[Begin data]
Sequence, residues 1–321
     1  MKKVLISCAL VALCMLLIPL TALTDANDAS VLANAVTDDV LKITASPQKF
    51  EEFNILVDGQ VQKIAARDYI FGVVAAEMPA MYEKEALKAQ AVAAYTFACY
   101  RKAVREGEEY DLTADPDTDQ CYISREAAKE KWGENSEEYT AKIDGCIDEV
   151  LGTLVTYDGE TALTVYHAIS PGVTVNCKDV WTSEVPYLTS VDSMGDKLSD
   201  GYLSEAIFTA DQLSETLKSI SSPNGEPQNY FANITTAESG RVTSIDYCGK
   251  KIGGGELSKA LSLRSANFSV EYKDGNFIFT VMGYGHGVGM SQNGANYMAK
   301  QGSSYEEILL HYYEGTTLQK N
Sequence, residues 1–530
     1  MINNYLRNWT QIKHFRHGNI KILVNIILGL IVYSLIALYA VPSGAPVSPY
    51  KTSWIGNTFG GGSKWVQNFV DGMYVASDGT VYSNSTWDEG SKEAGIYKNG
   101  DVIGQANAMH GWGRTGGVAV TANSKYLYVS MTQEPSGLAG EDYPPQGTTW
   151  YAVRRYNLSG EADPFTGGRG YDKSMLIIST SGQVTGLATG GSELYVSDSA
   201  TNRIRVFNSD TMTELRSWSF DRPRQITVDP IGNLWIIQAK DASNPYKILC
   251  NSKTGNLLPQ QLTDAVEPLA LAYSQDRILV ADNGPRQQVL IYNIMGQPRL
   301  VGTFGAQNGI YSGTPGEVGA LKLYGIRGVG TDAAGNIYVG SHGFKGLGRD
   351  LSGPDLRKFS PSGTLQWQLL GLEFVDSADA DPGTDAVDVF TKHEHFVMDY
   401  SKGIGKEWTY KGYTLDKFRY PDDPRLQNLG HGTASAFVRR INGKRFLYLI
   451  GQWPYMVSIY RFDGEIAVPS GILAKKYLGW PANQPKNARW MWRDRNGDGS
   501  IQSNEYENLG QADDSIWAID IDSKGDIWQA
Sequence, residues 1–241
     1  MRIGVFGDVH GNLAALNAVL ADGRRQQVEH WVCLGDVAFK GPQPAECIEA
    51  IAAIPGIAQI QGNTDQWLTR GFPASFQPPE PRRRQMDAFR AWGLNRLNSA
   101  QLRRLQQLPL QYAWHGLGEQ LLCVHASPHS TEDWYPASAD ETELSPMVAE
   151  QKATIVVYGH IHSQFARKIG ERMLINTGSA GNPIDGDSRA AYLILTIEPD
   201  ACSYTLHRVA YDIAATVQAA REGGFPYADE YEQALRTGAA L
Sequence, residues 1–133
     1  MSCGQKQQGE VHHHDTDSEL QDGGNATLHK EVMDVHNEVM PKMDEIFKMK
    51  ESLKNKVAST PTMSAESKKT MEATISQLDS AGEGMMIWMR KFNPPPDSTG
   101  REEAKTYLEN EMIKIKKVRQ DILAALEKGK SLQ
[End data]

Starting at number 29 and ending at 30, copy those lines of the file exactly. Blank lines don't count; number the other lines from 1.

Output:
    51  ESLKNKVAST PTMSAESKKT MEATISQLDS AGEGMMIWMR KFNPPPDSTG
   101  REEAKTYLEN EMIKIKKVRQ DILAALEKGK SLQ